Our prisons, not just here in Delaware but across the country, have been hotspots of COVID infections and spread. I know some say that the pandemic could have been handled better in our prisons, but really, think about it. A prison is an enclosed space where you place hundreds of prisoners, who often times share cells, or bunk together in one large room. They share dining and recreational space. You can’t really social distance or isolate every prisoner. It’s an ideal space for community spread.
So what to do? The only thing really is to release some prisoners early. But how do you that under the law?
Well, that’s where State Representative Melissa Minor-Brown and her bill, House Bill 37, comes in.
Minor-Brown chairs the Corrections Committee in the House, has been working with legislators on a bill, House Bill 37, that would seek to increase good time credits for some prisoners for their time served in prison during the pandemic.
The bill would create a “public health emergency credit” that would automatically be awarded when a public health emergency is declared. Credits would be awarded at the rate of 6 months for every month served during the public health emergency up to a maximum reduction in sentence of one year.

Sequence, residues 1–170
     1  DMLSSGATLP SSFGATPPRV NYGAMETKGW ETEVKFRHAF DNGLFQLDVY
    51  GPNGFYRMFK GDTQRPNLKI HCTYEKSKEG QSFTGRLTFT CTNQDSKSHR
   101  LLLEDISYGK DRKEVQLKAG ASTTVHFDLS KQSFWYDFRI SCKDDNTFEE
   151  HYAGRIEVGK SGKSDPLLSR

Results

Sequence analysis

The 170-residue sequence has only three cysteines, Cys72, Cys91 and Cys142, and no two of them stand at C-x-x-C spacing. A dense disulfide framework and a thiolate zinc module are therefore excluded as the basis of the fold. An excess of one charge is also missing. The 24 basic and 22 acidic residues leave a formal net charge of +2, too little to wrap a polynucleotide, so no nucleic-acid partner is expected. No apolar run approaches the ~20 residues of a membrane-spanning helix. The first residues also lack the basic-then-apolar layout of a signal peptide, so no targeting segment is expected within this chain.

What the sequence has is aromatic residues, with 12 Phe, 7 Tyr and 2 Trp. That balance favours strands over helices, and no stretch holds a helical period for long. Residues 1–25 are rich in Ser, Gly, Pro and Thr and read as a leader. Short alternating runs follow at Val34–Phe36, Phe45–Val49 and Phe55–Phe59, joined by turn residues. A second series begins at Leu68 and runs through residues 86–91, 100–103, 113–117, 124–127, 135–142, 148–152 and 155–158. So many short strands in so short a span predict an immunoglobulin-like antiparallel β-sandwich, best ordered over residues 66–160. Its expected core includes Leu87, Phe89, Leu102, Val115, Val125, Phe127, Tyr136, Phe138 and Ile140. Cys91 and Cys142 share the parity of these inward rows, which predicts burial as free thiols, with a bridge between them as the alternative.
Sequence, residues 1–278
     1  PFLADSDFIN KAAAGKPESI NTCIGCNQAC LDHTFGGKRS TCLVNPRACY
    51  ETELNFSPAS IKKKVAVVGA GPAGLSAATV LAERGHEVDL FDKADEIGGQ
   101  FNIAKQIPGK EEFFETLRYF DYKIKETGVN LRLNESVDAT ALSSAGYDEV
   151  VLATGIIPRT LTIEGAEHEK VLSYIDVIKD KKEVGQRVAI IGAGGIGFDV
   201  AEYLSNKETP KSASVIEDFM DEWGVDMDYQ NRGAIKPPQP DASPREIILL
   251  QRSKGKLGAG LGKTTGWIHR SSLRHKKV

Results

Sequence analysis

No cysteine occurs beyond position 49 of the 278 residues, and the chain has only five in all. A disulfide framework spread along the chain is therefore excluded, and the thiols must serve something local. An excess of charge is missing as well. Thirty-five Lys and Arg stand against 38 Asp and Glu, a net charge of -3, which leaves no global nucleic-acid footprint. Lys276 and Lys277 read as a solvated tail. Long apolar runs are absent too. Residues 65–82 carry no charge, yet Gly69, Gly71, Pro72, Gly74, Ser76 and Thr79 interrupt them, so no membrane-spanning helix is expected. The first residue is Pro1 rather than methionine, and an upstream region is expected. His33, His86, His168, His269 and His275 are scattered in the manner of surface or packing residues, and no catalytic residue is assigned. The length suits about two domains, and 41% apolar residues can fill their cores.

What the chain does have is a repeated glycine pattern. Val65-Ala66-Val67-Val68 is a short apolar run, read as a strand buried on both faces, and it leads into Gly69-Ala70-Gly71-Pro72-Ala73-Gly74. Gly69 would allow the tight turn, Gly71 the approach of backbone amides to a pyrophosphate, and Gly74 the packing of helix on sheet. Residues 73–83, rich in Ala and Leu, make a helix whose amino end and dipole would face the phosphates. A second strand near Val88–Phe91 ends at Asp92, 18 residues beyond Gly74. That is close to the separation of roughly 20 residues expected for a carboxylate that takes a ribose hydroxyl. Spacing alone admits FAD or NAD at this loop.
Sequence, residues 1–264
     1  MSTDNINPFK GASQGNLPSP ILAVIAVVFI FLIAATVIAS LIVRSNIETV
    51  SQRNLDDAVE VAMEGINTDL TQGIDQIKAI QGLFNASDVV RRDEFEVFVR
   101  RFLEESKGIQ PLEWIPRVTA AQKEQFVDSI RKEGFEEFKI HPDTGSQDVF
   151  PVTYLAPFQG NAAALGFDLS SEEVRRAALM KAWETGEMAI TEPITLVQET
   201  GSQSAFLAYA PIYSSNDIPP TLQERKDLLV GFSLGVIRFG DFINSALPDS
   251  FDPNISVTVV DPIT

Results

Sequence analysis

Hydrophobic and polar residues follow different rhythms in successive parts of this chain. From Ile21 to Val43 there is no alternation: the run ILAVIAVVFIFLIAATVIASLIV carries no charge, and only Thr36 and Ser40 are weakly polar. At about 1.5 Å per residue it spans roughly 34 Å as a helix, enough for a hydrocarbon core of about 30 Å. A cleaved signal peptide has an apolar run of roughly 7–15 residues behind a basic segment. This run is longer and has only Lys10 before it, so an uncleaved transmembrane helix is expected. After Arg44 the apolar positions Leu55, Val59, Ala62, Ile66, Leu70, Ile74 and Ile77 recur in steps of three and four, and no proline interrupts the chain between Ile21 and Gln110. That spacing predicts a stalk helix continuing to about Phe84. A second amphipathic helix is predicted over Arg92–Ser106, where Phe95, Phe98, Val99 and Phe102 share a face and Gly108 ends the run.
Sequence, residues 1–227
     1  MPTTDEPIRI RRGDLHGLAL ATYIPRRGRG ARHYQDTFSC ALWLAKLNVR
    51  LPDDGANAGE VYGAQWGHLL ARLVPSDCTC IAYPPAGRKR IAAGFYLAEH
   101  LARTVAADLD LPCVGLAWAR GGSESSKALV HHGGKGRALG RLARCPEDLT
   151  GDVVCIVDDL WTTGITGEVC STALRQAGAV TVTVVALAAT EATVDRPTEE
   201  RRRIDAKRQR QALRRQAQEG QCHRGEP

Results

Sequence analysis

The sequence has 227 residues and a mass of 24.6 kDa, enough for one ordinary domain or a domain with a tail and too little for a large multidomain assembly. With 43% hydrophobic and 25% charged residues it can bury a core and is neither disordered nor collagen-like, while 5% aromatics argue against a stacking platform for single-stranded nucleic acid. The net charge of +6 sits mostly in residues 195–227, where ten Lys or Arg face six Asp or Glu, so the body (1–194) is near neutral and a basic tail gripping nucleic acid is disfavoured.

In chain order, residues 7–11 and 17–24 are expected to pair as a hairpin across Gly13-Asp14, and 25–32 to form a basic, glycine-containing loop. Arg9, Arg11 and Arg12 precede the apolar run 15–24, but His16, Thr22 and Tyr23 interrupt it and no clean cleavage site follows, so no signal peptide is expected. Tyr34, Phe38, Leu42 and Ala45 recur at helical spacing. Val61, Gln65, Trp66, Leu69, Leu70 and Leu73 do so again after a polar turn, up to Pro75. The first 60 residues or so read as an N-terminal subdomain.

|House Bill 37 Sponsors||Yes Votes||No Votes|
|Minor-Brown, Dorsey Walker, Moore, Baumbach, Heffernan, Morrison|
|Pinkney, S.McBride, Sokola|
|Current Status: Out of Committee 1/26/21|
From the bill synopsis: “This has the practical effect of moving forward release dates for inmates whose release would come within the next year regardless of the emergency. This will reduce the prison population in an orderly and fair manner, relieving pressure on staff and creating better conditions for those inmates who remain incarcerated to socially distance and control the spread of infectious disease. By applying additional credit towards sentence completion, this legislation also recognizes that the conditions of confinement during a public health emergency like the current one can be considered significantly more punishing – since visitation, communications, programming, and recreation are all significantly negatively impacted by the emergency conditions and modifications to operations.”
The ACLU of Delaware held a forum on the bill recently. You can watch that below: